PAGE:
BusinessDay

Time to reconstruct Nigeria: Its governance structure is not fit for purpose

The phrase “adapt or die” is often used as a warning to corporate organisations: adapt and adjust to operational and market realities, or you will be out of business! Indeed, many world-famous business organisations have become extinct, but “adapt or die” is a phrase that also applies to nations.

Truth is, any country that doesn’t undergo renewal, that doesn’t reform and restructure itself, especially if its structure and institutions are not working, would soon ossify and suffer a decline. Such a nation would inevitably become a fragile, even a failed state.

From a functionalist or institutionalist perspective, every structure exists because of the functions it performs, because of the needs it meets. If a structure fails to perform those functions or meet those needs, it must change or be changed. That’s a great insight from regime theory, which tells us why regimes are formed and why they change.

In his book, ‘Political Restructuring in Europe’, Professor Chris Brown at the London School of Economics argues that no political structure has an ethical reason to survive unless it’s working. As a result, he posits, every political structure should be open to reconstruction.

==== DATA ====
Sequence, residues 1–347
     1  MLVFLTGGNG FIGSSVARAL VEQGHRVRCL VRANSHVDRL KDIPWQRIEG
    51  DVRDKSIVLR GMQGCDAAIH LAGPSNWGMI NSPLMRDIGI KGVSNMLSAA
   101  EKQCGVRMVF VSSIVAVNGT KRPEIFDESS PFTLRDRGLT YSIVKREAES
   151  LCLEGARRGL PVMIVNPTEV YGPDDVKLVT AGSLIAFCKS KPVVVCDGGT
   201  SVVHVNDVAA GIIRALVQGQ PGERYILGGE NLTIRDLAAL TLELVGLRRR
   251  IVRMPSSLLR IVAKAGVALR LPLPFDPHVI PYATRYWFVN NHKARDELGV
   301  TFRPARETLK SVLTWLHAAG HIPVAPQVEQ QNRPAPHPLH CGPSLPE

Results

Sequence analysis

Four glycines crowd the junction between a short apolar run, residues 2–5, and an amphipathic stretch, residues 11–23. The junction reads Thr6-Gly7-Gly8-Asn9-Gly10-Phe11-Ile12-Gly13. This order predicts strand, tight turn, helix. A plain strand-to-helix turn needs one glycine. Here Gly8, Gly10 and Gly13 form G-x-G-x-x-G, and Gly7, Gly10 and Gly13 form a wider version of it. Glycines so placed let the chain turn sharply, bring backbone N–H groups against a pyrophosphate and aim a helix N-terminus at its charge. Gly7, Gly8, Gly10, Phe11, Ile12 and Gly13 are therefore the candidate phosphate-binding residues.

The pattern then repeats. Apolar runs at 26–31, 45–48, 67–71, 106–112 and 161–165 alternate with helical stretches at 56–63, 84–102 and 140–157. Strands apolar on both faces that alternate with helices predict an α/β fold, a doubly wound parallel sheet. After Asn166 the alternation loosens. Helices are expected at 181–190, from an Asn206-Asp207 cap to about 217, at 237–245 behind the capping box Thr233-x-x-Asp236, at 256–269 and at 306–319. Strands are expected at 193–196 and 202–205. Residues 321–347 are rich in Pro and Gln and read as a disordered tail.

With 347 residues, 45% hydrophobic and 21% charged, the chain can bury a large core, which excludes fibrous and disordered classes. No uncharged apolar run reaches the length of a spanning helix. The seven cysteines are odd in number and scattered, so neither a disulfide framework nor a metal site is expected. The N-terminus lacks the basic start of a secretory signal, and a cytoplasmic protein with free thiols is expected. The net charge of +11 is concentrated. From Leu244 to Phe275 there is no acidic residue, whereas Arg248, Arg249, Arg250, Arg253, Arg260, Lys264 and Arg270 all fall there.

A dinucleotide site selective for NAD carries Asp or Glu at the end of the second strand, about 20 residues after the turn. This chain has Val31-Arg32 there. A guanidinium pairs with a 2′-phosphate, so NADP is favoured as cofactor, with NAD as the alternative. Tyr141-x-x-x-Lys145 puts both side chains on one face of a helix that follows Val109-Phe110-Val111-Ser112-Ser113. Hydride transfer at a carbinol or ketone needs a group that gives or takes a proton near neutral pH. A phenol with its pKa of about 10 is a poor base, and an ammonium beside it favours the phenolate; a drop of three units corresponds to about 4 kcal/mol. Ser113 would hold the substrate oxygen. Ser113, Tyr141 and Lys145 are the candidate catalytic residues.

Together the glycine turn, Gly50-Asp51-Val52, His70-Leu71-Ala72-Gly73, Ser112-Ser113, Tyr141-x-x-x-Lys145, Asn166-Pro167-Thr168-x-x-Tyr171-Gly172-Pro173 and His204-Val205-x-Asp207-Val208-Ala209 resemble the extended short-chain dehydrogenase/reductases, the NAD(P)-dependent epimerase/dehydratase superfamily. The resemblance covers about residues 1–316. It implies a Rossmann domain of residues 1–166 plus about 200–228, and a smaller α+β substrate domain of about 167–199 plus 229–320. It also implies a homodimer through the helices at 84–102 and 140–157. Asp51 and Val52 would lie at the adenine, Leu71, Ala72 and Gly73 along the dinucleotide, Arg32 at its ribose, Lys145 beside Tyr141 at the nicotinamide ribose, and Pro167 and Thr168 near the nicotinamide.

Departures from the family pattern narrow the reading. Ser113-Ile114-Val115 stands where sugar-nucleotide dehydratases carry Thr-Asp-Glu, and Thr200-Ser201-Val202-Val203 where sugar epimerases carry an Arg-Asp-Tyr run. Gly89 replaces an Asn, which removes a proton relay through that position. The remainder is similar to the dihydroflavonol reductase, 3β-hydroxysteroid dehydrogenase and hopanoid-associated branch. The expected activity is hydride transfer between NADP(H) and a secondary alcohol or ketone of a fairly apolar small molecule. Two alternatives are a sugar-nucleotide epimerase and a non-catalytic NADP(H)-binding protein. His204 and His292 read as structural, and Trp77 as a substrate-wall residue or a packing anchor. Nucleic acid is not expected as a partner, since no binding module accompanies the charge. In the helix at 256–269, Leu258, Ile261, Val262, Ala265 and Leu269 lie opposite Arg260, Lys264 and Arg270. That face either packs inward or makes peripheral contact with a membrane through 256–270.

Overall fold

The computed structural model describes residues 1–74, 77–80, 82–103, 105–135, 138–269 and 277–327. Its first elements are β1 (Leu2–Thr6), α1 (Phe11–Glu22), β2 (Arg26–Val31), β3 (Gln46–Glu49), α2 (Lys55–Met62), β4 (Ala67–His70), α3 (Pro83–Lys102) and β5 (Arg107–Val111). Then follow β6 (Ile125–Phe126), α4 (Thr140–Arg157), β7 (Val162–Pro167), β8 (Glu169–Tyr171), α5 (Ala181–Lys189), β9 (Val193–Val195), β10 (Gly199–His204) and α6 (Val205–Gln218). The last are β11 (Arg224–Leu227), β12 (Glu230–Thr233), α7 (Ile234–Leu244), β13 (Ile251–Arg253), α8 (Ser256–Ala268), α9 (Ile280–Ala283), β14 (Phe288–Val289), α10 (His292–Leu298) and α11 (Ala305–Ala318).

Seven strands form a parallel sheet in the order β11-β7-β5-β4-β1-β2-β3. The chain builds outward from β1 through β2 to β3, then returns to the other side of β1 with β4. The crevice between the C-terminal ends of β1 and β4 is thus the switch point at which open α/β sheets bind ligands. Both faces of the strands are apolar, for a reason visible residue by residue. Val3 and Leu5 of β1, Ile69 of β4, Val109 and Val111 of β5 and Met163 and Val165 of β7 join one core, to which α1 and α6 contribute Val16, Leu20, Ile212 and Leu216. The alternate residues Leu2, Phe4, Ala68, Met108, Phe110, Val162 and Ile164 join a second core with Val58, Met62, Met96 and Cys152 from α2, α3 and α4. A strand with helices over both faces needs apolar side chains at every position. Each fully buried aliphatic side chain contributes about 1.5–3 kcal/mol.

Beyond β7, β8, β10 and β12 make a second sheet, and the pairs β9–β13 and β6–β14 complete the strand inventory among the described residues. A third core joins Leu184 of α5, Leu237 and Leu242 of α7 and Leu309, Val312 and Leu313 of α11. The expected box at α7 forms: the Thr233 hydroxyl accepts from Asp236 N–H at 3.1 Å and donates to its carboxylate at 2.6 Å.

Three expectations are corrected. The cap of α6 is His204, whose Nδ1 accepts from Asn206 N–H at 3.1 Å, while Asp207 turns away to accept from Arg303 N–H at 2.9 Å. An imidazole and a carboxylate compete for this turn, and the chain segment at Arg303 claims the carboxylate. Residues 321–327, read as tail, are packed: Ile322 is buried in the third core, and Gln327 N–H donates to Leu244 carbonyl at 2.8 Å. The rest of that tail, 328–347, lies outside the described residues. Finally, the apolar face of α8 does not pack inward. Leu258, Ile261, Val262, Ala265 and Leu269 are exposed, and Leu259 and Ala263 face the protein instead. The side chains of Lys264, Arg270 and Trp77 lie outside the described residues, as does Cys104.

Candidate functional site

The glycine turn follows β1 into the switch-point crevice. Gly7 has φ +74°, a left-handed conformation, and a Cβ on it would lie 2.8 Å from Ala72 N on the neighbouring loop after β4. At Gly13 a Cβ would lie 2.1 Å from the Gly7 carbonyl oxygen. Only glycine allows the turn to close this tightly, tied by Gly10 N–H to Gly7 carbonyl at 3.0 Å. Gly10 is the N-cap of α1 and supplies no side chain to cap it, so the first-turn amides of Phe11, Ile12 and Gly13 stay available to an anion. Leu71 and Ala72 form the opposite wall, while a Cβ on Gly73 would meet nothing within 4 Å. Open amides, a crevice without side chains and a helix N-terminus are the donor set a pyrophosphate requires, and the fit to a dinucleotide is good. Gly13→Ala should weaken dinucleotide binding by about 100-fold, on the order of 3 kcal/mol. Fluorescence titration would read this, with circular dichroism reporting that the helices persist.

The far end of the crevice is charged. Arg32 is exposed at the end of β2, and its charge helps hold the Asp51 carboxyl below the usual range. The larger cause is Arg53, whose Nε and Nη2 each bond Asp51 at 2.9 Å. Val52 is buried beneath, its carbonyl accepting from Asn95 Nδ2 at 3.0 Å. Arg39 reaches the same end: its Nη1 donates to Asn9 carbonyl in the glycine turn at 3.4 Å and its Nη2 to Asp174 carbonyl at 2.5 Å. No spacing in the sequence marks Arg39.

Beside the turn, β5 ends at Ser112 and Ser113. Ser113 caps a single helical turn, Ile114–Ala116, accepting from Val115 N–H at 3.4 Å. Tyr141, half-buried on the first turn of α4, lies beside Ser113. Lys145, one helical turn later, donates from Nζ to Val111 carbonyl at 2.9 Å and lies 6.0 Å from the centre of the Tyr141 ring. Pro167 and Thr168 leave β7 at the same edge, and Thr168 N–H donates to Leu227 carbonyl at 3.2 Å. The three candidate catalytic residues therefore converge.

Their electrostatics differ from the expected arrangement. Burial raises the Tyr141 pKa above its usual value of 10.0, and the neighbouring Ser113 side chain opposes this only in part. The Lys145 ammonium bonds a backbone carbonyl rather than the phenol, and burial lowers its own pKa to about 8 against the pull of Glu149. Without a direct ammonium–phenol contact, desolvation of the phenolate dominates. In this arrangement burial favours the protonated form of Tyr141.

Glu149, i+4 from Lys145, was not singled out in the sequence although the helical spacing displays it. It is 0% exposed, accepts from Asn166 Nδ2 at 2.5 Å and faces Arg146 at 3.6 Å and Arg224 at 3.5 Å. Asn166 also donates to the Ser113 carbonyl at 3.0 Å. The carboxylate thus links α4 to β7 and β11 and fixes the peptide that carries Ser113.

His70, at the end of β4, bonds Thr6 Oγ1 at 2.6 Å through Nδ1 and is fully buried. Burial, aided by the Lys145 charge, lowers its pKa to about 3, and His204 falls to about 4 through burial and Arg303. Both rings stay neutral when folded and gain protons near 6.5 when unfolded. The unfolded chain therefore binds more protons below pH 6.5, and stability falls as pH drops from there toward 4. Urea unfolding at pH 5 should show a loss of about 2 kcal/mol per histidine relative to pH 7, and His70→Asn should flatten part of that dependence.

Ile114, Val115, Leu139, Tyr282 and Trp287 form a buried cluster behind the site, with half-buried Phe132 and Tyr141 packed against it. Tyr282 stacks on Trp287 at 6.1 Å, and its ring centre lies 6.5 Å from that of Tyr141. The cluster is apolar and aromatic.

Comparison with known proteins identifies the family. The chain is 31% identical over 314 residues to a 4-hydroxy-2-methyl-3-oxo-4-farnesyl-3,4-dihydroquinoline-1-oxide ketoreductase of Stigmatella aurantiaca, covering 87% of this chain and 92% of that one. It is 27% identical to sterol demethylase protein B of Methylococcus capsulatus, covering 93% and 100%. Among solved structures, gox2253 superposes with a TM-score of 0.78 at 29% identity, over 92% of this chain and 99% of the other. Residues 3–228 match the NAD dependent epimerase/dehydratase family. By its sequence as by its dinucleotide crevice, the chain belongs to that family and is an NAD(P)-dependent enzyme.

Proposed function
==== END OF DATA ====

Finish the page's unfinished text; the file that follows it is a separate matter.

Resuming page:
Nigeria is not a union of consent, but a country being held together by fear or force, with the use of military actions to suppress separatist agitations

One country that has internalised this wisdom is the United Kingdom. For instance, before 1999, there were no governments in Scotland, Wales and Northern Ireland. The three nations were run from the centre. But following agitations for devolution of power, the Scottish, Welsh and Northern Irish Governments were created, each after a referendum, with full-fledged legislative and executive arms and considerable devolved powers.